Biden’s 2023 budget includes $11.9 billion boost for education
The Biden administration’s FY 2023 budget request, released March 28, includes $88.3 billion in discretionary spending for the Department of Education, an $11.9 billion increase over the FY 2022 enacted amount of $76.4 billion.
The request lays down a marker for the administration as Congress begins discussing federal funding levels for the next fiscal year, which begins Oct. 1. It does not reflect final funding figures.
“This proposal reflects the Biden-Harris Administration’s deep belief in the importance of education and the success and wellbeing of our nation’s students,” said Education Secretary Miguel Cardona in a statement. “It’s my hope that Congress answers the President’s call for continued investments that help our schools hire and support more teachers, school counselors, and other personnel who can nurture the social, emotional, and academic development and mental well-being of our children and youth in this critical time and beyond.”
The proposal calls for a total of $36.5 billion for Title I, Part A, more than doubling the amount provided for Title I, Part A in FY 2022. The administration also requested the increase for Title I in FY 2022 over FY 2021 figures, but Congress provided a $1 billion bump for Title I, Part A in FY 2022.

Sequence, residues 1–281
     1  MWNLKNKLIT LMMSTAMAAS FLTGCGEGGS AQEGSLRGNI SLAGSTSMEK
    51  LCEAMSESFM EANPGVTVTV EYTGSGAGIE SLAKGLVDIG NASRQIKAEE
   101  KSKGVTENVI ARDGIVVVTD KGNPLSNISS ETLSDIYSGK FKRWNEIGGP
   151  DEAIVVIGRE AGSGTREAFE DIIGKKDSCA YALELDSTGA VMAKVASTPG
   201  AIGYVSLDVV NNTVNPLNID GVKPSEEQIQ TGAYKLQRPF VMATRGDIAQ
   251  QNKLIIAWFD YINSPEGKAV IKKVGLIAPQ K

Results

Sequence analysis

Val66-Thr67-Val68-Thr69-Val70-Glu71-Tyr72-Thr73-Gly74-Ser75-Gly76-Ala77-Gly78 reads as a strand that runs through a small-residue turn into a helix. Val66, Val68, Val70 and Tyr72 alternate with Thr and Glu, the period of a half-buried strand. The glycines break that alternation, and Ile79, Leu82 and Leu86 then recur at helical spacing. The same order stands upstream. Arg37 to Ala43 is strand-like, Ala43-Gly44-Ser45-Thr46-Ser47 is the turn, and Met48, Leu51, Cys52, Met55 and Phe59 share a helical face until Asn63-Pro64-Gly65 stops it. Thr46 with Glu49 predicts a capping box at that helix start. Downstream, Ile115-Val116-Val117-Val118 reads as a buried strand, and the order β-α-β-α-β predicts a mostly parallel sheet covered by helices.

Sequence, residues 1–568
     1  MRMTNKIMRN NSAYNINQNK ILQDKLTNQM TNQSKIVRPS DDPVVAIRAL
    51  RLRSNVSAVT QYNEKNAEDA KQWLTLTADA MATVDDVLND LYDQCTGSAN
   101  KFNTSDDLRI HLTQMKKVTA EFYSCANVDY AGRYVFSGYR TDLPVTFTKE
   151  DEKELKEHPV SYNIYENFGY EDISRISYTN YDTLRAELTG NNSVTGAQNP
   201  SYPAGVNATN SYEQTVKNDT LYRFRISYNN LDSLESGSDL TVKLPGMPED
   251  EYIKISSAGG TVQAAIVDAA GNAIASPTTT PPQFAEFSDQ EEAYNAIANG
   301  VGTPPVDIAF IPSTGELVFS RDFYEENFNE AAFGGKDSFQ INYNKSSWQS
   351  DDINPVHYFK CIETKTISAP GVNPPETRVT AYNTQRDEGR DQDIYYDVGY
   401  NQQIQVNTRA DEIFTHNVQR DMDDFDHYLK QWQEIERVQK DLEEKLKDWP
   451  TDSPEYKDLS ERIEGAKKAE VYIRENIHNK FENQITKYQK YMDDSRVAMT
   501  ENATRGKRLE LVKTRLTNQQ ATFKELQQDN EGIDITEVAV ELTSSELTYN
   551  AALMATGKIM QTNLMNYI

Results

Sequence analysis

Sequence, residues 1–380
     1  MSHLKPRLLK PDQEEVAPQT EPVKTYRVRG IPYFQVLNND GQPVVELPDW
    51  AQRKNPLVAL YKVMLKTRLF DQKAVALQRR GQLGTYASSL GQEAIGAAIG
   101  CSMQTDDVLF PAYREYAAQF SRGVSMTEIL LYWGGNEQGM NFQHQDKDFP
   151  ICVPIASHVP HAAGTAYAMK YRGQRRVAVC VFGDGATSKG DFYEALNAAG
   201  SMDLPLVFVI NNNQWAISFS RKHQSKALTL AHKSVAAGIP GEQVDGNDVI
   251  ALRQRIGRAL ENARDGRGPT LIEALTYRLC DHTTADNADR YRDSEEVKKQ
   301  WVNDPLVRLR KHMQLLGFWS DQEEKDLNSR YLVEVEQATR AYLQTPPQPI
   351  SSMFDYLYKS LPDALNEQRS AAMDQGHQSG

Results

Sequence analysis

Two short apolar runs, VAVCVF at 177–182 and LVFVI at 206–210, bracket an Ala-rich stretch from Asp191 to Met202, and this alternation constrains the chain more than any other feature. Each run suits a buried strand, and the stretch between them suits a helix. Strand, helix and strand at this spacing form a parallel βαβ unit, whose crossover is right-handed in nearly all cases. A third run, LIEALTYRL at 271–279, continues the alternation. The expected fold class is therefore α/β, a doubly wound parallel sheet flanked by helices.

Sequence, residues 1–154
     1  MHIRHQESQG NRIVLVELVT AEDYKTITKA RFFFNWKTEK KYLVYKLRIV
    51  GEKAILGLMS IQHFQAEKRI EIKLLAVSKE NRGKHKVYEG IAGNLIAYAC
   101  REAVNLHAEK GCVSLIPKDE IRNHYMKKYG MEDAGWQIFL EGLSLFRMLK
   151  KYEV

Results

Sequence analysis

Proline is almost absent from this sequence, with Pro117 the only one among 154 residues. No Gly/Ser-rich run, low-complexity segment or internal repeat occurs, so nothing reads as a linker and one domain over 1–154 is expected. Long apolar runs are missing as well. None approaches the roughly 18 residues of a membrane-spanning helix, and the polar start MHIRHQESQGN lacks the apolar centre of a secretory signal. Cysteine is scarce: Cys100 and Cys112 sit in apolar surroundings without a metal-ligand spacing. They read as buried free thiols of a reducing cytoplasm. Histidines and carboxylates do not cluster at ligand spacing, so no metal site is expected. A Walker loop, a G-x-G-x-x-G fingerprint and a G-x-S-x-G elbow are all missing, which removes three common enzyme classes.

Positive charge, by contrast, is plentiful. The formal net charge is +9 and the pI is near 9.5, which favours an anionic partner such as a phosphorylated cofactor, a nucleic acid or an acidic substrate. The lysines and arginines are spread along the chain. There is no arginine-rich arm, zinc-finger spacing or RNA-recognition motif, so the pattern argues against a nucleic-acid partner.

“This substantial new support for the program, which serves 25 million students in nearly 90 percent of school districts across the nation, would be a major step toward fulfilling the president’s commitment to addressing long-standing funding disparities between under-resourced schools — which disproportionately serve students of color — and their wealthier counterparts,” according to the FY 2023 budget request.
The administration also calls for increases to IDEA funding, including $16.3 billion for IDEA Part B, a $3 billion increase over FY 2022 enacted levels, and $932 million for IDEA Part C, $436 million more than FY 2022 enacted levels.
Biden’s FY 2023 budget request also includes a $1 billion program to fund school counselors and mental health professionals. The administration proposed the same funding level in FY 2022, but the final appropriations legislation did not include the funding.
Congress has not yet introduced FY 2023 funding legislation.
Charles Hendrix covers education funding and other Title I issues for LRP Publications.